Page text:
Novartis and Biocon, which have each had success developing biosimilars on their own, will now see what they can do together. The two have formed a partnership to produce “next generation” biosimilars.
They announced the collaboration today saying they would share the costs equally for developing and commercializing multiple biosimilars in immunology and oncology. Sandoz, the generics unit of Novartis, will market them in the U.S., Canada and most of Europe, while India’s Biocon will take the rest of the world.
They said the partnership is an important part of their strategy to address the “next wave of biosimilar opportunities globally.”
“Together, we will be able to realize benefits at every stage of the value chain, from development, through manufacturing to commercialization," Carol Lynch, global head of biopharmaceuticals at Sandoz, said in a statement.
Both companies were early to biosimilars, with Novartis’ Zarxio, a copy of Amgen's blockbuster Neupogen, becoming the first biosimilar approved by the FDA. Last summer, Sandoz won EU approval for a biosimilar of Roche’s big-selling cancer drug Rituxan.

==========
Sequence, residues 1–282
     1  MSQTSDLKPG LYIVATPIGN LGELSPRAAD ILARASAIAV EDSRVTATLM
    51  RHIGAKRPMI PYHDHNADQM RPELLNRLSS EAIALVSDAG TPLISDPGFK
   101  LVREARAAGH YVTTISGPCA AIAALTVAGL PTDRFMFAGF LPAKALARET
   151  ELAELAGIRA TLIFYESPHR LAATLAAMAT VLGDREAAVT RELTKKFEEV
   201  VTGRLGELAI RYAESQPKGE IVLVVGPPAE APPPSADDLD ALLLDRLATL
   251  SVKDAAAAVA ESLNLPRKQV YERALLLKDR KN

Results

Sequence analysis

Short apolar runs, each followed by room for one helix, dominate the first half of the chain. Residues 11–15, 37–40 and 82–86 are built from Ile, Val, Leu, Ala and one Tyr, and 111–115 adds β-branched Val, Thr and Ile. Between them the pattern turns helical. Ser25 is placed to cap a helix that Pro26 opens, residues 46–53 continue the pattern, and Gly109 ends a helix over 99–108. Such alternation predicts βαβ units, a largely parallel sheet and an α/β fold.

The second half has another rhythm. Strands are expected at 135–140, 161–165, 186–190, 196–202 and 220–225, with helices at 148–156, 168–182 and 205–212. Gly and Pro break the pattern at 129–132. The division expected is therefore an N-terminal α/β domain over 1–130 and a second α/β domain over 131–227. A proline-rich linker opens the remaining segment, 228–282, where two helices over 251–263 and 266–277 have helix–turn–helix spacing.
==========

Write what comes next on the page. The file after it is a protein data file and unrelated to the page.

Biocon and its partner Mylan last month became the first drugmakers to win FDA approval of a biosimilar of Roche's blockbuster cancer drug Herceptin, a drug that raked in $2.5 billion in U.S. 2016 sales. It also has had success with insulin copies, winning a 2016 approval in Japan for its version of the world’s top-selling insulin, Sanofi’s Lantus.
But both companies have had their difficulties in the new realm as well. Biocon and Mylan had their progress with the Herceptin copy slowed by issues raised by both U.S. and EU regulators about a manufacturing facility in Bangalore. Changes made at the plant also led the FDA to issue a complete response letter for their proposed biosimilar pegfilgrastim, a copy of Amgen’s chemotherapy companion drug Neulasta.
Sandoz in 2016 also got a CRL for its version of Neulasta over questions raised about manufacturing and the biosimilarity of its product. Sandoz, working to erase the FDA’s concerns, last month released new data from a phase 1 study that the company said proves its version of the drug matches the original.
Novartis has indicated biosimilars are one bright spot in its generics business in the U.S. where tight pricing have made profits hard to come by. It is pushing forward with biosimilars even as it looks at downsizing or selling off some of its portfolio of small molecule drugs.